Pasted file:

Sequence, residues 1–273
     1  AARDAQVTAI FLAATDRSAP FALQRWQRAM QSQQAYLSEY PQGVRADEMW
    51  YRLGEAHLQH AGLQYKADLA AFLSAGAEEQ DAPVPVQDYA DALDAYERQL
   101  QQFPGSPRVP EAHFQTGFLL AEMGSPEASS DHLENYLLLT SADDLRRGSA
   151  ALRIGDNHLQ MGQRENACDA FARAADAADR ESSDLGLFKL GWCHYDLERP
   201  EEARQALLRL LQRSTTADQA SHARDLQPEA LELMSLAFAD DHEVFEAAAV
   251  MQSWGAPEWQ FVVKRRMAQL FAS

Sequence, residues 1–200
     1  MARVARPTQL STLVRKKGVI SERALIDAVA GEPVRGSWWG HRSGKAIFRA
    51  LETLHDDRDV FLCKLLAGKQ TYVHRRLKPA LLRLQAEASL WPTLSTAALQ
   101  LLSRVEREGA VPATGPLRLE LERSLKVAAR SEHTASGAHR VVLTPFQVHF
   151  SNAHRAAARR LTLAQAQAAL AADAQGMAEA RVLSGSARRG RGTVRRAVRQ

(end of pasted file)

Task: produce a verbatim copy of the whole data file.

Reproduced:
Sequence, residues 1–273
     1  AARDAQVTAI FLAATDRSAP FALQRWQRAM QSQQAYLSEY PQGVRADEMW
    51  YRLGEAHLQH AGLQYKADLA AFLSAGAEEQ DAPVPVQDYA DALDAYERQL
   101  QQFPGSPRVP EAHFQTGFLL AEMGSPEASS DHLENYLLLT SADDLRRGSA
   151  ALRIGDNHLQ MGQRENACDA FARAADAADR ESSDLGLFKL GWCHYDLERP
   201  EEARQALLRL LQRSTTADQA SHARDLQPEA LELMSLAFAD DHEVFEAAAV
   251  MQSWGAPEWQ FVVKRRMAQL FAS

Sequence, residues 1–200
     1  MARVARPTQL STLVRKKGVI SERALIDAVA GEPVRGSWWG HRSGKAIFRA
    51  LETLHDDRDV FLCKLLAGKQ TYVHRRLKPA LLRLQAEASL WPTLSTAALQ
   101  LLSRVEREGA VPATGPLRLE LERSLKVAAR SEHTASGAHR VVLTPFQVHF
   151  SNAHRAAARR LTLAQAQAAL AADAQGMAEA RVLSGSARRG RGTVRRAVRQ